More than 60 years ago, Kunsang Drolma was still a "Tralpa" (serf), slaving in a feudal society in southwest China's Tibet Autonomous Region. Fed up from oppression by the serf owner, she took her son Tashi Dondrup under her wing and started a life adrift.
Kunsang and her son later reached Cigmai in Lhodrak County of Shannan Prefecture. The village is about 3,750 meters above sea level. In 1959, the democratic reform in Tibet shattered the feudal serfdom and gave new life to Tibet and ethnic people like Kunsang Drolma. Locals were given land, domestic animals and houses of their own.
"I did not feel like a human being during serfdom, until the government liberated us and gave me all these things," she said.
The year 2019 marks the 60th anniversary of the campaign of democratic reform in Tibet. Drolma, 84, lives a prosperous life with her family of five generations.
After receiving land and animals following the reform, the mother and her son were finally able to settle down. As new crop seeds and agriculture tools were later handed out to them, the family began to have extra zanba (roasted barley flour) and buttered tea. Her son Tashi Dondrup married and had a daughter called Tsezhoen. It was a family of joy, Kunsang said.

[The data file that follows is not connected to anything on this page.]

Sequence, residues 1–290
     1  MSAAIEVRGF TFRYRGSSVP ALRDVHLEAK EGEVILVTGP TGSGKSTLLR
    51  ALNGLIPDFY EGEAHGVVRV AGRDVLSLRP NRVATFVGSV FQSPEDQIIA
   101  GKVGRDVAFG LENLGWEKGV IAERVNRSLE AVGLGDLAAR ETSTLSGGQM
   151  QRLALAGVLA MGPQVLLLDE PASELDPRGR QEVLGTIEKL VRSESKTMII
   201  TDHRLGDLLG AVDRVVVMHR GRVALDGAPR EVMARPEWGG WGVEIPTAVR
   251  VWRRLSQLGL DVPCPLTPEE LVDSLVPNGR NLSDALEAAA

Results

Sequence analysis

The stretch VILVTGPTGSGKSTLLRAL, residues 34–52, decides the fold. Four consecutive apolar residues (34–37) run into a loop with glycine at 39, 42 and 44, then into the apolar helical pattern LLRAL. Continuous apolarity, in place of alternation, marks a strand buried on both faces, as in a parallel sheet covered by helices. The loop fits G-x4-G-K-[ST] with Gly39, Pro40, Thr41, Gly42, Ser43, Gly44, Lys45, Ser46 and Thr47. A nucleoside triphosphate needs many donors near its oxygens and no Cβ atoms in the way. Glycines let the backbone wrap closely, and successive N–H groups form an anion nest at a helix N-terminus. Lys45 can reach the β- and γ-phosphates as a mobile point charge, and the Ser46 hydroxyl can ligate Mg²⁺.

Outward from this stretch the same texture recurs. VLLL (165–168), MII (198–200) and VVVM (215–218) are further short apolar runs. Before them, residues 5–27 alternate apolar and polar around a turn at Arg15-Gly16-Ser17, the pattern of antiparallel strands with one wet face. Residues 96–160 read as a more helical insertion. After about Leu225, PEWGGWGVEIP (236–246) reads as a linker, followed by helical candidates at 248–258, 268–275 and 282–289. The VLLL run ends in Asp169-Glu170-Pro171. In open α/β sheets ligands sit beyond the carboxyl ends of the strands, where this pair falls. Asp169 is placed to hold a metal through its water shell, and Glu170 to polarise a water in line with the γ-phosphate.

And the best was yet to come.
A collective economy was gradually developed in Cigmai. Her son Tashi Dondrup managed to invest 50,000 yuan (7,448 U.S. dollars) in a local construction team and another 10,000 yuan in a Tibetan chicken-raising farm. He can receive up to 4,000 yuan in dividends each year.
While the old dog days were over, Tashi Dondrup and his mother Kunsang grew old, and Tashi's daughter Tsezhoen, whose husband died in a car accident, began to take over responsibility for supporting the family. In the past few years, she has taken care of the 0.27 hectares of land, nine cows and 93 hectares of grassland. The properties help churn out up to 500 kg of crops and lots of butter.
The government also subsidizes the family. Tashi Dondrup and Kunsang Drolma can each receive 1,800 yuan of pension annually.
"The government also gives us subsidies for grassland and for living in border areas, which can reach about 30,000 yuan a year," Tsezhoen said. "We really benefit from these policies."
Last year, a housing project was launched in Cigmai, where locals are able to get new houses. Facilities such as grid wires, tap water and roads have all been completed. The family will later move into their new house.
Tsezhoen's two daughters, 27-year-old Ngawang Lhamo and 25-year-old Shilok Tsomo, have both graduated from college. The elder sister is currently working as an accountant in the local construction team. Last year, she made 70,000 yuan. Her little sister is preparing for the civil service exam.
"Last year, Ngawang had a baby, and this year we will have a new house," Tsezhoen said. "Our family are truly enjoying great lives."
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